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What has made so many of us equal to, or even better than, five star chefs in our own eyes though? We are well-versed in the art of scrolling and clicking

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About a decade ago, the world was introduced to a little animated film and its very humble claim, ‘Anyone can cook’. At the time, quite unsurprisingly, this innocent phrase had everyone on the screen and in the audience justifiably baffled. But time is a strange teacher, is it not?

Today, as I take a few scrolls down Facebook I lose track of how many pairs of hands I have seen showing me the right way to crack an egg, the correct proportion of mutton to rice for an authentic Kabuli pulao, and the perfect one-pot pastas.

These hands come in all colours and sizes as well. Sometimes you even see an artistic daemon in the spirit of the film, All Hallows’ Eve. Every now and then you also see a face. And then there are the masters whose every flick and twist of a wrist seems to produce a culinary Adonis.

These brushes painting this new map have settled quite comfortably in the colours of the east as well. Where once our round-bottomed clay handi was too pedestrian to be deemed suitable to even sit inside an opaque kitchen cabinet, it is now an ambassador of rustic chic. Every now and then, one of the arms we see in a video on our homepage is decorated with gold and kaanch bangles, and the concluding ‘aray vah’ at the end of a video by Food Fusion draws an almost imperceptible smile of proud ownership on desi faces.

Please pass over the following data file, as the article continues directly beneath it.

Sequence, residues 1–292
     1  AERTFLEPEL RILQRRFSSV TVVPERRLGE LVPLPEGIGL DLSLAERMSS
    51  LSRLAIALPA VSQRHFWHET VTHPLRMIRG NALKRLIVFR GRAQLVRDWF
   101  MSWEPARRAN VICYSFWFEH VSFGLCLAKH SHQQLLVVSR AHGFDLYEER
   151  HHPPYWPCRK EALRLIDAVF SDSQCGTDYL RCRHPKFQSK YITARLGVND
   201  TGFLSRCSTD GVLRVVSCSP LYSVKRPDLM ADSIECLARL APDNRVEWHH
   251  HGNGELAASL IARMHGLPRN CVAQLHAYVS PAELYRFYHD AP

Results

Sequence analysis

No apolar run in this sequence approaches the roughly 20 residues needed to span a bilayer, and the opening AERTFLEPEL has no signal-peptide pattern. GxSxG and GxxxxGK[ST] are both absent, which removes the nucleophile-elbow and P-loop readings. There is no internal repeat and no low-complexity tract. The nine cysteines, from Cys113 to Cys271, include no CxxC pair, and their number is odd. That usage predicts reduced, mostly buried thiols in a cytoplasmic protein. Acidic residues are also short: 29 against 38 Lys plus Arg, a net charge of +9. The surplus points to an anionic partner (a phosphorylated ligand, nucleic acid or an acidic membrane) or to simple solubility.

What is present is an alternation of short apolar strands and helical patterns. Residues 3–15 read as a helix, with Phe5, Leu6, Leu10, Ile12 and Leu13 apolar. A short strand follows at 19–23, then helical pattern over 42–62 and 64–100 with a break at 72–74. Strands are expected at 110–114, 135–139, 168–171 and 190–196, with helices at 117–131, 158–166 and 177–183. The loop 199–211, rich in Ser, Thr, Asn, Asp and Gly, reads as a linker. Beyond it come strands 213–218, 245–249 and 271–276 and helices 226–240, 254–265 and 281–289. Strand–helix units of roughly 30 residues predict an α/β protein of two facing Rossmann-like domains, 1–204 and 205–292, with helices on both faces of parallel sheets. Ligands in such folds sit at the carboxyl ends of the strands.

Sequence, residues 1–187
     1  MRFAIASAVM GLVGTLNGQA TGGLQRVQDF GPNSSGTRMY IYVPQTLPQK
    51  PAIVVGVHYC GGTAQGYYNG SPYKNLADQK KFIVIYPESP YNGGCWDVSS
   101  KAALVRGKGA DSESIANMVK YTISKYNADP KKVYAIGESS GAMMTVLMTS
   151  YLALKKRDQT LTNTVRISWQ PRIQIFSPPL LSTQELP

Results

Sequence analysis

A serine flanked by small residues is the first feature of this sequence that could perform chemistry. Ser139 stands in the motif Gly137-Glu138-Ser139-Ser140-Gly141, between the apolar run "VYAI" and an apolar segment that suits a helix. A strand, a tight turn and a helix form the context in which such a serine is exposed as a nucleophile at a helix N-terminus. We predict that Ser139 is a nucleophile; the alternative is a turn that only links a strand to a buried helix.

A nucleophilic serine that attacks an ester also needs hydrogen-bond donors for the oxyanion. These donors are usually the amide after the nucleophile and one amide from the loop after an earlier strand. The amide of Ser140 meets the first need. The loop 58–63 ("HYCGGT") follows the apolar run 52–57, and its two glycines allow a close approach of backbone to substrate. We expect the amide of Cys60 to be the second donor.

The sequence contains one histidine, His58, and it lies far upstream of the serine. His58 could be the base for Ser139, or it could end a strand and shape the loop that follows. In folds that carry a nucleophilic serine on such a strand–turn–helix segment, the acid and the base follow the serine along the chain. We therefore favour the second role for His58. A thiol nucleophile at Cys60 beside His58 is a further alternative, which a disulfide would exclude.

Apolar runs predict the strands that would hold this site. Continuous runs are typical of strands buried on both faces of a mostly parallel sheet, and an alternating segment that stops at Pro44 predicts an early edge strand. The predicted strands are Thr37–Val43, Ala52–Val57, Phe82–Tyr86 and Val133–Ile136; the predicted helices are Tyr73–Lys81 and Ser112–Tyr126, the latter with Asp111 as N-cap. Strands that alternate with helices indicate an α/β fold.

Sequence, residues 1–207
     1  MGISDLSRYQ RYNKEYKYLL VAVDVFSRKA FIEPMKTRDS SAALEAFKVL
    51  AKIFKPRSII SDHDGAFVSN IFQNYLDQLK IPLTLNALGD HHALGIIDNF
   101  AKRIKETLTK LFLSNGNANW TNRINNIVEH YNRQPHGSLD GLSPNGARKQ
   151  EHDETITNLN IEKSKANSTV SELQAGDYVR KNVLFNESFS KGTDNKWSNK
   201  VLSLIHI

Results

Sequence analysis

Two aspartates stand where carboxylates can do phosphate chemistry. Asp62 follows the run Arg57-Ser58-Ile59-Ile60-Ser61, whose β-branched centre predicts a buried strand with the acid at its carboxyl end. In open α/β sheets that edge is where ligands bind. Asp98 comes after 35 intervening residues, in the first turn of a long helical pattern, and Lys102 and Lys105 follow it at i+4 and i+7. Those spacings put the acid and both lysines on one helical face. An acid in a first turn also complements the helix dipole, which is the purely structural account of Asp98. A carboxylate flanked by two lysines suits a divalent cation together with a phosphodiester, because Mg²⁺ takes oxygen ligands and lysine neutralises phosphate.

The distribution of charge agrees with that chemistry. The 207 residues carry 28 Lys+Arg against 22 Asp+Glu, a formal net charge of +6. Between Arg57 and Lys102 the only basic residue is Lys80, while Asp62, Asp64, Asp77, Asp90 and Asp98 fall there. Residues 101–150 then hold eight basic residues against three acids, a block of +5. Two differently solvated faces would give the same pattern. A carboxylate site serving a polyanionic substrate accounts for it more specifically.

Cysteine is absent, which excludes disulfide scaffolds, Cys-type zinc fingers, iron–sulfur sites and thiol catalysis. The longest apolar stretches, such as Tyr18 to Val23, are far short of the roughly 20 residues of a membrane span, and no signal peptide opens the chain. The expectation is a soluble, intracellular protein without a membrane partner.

The marriage between the fast-paced modernity of the Internet and the proud chalices of cultural heritage, such as the inimitable Zubaida Apa has, without a doubt, left its own distinguishable imprint.

The digital world, it seems, has become a seamless bridge between the rookies and the professionals. Everyone is either a Nigella Lawson or Gordon Ramsay. And if your skills are refined beyond the comprehension of your measly competition, and you feel a little self indulgent, you might even be a Heston Blumenthal.

The digital world, it seems, has become a seamless bridge between the rookies and the professionals. Everyone is either a Nigella Lawson or Gordon Ramsay. And if your skills are refined beyond the comprehension of your measly competition, you might even be a Heston Blumenthal.

What has made so many of us equal to, or even better than, five star chefs in our own eyes though? The answer could be very simple. We live in an age that rewards those who are well-versed in the art of scrolling and clicking. All one needs is a craving for a certain combination of flavours, and with but a few clicks an infinite cavern of mouth-watering creations is within your grasp.

This easy access to what were once family secrets ritualistically passed down from generation to generation, has on the one hand made everyone a cook, and on the other, stripped away the mystery that once made it a wonder.

It is no secret that every generation has a gift for glorifying its own heyday. But perhaps something that we are all guilty of brushing under the carpet is our inclination to accuse the past for being archaic and the future for being disrespectful and lacking in ‘true character’.